After years of tortuous negotiations, Cathay Pacific has restructured its ownership and gained full access to the lucrative mainland China market.

The Hong Kong carrier is coughing up $1bn, or three times book value, to gain full ownership of DragonAir. Only Cathay, which lacks DragonAir’s access to China and should reap revenue synergies, could justify such a hefty price for a regional airline.

The spending does not end there. As part of the overhaul, Cathay will raise its stake in Air China to 17.5 per cent (assuming a further share issue by the mainland carrier). Air China will take a matching stake in Cathay, but will pay a slimmer premium over the market price than Cathay does for its reciprocal stake. Cathay seals the deal with a $160m special dividend distribution. The operational agreement likewise appears to favour Air China. Cross-border routes where DragonAir currently competes with Air China will move to a 50-50 cost and income sharing agreement, depriving Cathay of the ability to compete on pricing. Nor is Air China offering concessions by, for example, joining Cathay in the Oneworld alliance.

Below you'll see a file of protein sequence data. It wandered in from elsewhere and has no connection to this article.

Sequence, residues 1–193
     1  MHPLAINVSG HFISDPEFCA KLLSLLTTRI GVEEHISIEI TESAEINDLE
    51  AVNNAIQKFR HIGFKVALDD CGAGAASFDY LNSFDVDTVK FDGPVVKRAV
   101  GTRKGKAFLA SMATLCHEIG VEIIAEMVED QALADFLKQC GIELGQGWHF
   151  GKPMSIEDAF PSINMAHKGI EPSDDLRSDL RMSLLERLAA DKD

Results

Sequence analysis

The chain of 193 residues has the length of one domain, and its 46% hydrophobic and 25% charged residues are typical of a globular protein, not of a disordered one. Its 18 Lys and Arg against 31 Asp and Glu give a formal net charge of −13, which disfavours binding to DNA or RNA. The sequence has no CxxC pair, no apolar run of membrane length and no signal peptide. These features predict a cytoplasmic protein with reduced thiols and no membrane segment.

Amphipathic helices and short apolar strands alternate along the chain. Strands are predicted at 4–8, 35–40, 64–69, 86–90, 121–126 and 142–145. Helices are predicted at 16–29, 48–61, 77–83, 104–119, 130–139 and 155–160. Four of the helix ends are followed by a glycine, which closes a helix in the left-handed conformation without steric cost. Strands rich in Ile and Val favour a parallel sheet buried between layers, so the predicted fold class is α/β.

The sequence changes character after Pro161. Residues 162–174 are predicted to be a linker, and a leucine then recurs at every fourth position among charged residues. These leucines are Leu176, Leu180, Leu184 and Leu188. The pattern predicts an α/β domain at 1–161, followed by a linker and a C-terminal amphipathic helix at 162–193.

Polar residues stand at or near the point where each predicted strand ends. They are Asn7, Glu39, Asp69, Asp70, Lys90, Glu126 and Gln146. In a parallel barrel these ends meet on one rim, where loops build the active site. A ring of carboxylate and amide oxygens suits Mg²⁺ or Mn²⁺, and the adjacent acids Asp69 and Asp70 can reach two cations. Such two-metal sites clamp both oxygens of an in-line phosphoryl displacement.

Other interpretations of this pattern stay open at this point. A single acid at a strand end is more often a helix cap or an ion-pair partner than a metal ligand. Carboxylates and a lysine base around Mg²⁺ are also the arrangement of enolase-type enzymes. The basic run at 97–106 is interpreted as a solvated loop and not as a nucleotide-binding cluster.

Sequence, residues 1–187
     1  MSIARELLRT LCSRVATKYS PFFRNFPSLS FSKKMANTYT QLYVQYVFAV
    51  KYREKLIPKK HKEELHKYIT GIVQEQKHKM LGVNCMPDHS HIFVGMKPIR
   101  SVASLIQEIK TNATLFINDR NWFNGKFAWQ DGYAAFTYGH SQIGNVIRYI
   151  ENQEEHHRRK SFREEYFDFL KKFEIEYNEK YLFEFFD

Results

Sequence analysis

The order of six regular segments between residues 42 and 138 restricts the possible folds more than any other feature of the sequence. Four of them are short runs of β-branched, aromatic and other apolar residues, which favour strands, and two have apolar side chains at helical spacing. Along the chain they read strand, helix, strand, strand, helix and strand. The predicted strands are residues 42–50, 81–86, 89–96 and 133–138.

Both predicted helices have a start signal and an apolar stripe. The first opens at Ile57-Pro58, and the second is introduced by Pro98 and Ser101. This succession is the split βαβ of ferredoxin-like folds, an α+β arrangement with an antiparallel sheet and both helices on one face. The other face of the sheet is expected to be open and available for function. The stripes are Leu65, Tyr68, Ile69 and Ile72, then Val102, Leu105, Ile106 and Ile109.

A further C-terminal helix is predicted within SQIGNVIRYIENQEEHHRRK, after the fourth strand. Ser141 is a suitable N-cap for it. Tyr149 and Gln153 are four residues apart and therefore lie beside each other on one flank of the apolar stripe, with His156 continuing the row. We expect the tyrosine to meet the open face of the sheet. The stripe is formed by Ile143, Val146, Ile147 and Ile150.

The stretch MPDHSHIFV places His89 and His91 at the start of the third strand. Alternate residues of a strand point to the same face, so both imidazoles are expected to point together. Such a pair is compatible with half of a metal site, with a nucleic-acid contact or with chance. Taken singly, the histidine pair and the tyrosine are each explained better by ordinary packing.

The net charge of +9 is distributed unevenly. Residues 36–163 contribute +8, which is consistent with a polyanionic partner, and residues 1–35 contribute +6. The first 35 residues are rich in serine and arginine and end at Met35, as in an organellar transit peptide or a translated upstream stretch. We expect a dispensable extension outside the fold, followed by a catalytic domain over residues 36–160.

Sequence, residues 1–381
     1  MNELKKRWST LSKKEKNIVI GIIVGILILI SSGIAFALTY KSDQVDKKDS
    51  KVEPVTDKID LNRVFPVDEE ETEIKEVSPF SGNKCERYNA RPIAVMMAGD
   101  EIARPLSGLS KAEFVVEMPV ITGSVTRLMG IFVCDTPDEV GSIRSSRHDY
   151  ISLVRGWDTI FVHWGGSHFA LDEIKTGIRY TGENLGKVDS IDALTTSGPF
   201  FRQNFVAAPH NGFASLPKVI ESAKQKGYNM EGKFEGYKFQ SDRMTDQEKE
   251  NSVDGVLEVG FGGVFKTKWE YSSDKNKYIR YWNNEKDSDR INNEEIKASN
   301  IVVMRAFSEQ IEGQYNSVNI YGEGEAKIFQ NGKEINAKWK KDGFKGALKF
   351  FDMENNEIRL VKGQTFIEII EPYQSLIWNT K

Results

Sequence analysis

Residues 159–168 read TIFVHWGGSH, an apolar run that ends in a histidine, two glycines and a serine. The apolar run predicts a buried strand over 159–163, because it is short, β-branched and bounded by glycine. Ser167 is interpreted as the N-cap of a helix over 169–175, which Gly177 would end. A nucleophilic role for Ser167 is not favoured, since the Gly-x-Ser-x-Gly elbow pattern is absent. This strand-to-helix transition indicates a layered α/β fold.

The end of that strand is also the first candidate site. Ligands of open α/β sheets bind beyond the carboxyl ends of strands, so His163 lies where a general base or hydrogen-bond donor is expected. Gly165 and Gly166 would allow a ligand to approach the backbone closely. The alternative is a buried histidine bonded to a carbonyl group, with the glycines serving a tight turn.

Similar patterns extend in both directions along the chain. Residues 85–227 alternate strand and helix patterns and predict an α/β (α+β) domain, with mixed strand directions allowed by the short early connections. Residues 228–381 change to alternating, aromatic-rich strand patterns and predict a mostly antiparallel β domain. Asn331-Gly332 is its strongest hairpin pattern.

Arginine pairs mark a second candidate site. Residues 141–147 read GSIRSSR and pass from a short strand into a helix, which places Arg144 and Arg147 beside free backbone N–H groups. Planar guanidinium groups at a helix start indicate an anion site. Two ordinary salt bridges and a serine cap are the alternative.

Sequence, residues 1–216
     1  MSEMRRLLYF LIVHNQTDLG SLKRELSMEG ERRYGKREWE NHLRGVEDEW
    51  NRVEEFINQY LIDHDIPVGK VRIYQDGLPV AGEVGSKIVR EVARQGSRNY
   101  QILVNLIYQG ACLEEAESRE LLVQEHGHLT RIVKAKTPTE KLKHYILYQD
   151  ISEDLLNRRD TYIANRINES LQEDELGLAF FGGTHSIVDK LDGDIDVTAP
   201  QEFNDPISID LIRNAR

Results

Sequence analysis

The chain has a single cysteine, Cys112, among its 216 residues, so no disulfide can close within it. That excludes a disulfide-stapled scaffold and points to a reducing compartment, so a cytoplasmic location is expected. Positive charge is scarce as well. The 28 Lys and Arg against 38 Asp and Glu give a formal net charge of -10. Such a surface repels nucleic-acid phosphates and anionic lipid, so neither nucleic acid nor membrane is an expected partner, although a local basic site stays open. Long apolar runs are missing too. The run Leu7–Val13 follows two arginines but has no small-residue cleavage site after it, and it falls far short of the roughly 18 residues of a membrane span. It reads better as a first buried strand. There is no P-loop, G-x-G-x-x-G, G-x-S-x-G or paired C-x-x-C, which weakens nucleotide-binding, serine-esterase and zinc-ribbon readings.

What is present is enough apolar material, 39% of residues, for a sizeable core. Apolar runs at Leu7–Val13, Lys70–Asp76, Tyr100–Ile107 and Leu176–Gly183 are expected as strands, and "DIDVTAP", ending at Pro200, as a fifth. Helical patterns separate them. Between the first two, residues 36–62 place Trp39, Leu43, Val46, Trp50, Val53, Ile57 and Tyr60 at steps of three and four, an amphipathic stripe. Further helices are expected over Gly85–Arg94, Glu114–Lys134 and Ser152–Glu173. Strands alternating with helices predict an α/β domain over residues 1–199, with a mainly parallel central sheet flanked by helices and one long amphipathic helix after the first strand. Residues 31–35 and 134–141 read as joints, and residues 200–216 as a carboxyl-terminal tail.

Of course, this was a deal that Cathay had to do and Air China shares some of the disadvantages – for example, it is paying a huge price to privatise another subsidiary.

Perhaps the biggest losers are customers shuttling between Hong Kong and China. Fares are unlikely to fall with a three-in-one giant dominating the route.

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